As it stands, campaign finance is moderately regulated, yet these regulations are rife with loopholes that allow anyone with sufficient know how and resources to unfairly influence an election. I use the word influence because, quite simply, money talks. I believe that current regulations are inadequate; in the 2004 election alone, over a billion dollars was squandered by the combined efforts of John Kerry and George Bush despite the existence of FECA and the McCain-Feingold Bill (a ban on soft money). While these laws are a step in the right direction, they're only that - a step. Obviously, campaign finance "reform" is still just a euphemism for financial waste when it comes to politics. I believe that more guidelines, stricter, more thorough regulations, and a possible adaptation of the European campaign system could combine to create an effective solution to the problems presented above, without compromising free speech.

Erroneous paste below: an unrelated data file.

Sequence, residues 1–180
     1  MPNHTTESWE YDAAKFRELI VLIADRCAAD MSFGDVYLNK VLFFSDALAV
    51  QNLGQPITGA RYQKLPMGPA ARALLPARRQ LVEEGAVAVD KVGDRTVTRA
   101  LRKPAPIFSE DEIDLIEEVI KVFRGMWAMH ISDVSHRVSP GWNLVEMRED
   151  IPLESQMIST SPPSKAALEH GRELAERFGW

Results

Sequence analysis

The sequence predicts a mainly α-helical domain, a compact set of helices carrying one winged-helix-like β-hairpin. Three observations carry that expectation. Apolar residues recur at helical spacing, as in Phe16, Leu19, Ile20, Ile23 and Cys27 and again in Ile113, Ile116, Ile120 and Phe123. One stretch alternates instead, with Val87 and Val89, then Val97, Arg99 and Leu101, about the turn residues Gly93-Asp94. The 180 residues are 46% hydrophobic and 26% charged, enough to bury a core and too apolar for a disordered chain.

The more money that is involved in running for office, the more influence that contributors - wealthy individuals, companies, labor unions, interest groups - have over elected officials and public policy.
Whatever category the donor may fall into, most share a common goal, power and influence. While the common contributor may only wish to see his or her candidate of choice elected, the majority of major donors have an agenda. Their generous contributions are an investment in politics, and they want a return on this investment, a return in the form of political sway, in a platform based around their own beliefs. Whether the contribution comes from an individual, a special interest group, or big business, any sizeable donation is more than likely to have at least one string attached.
This practice is inherently unfair and not representative of Americans as a whole. Groups who are willing to spend thousands, even millions...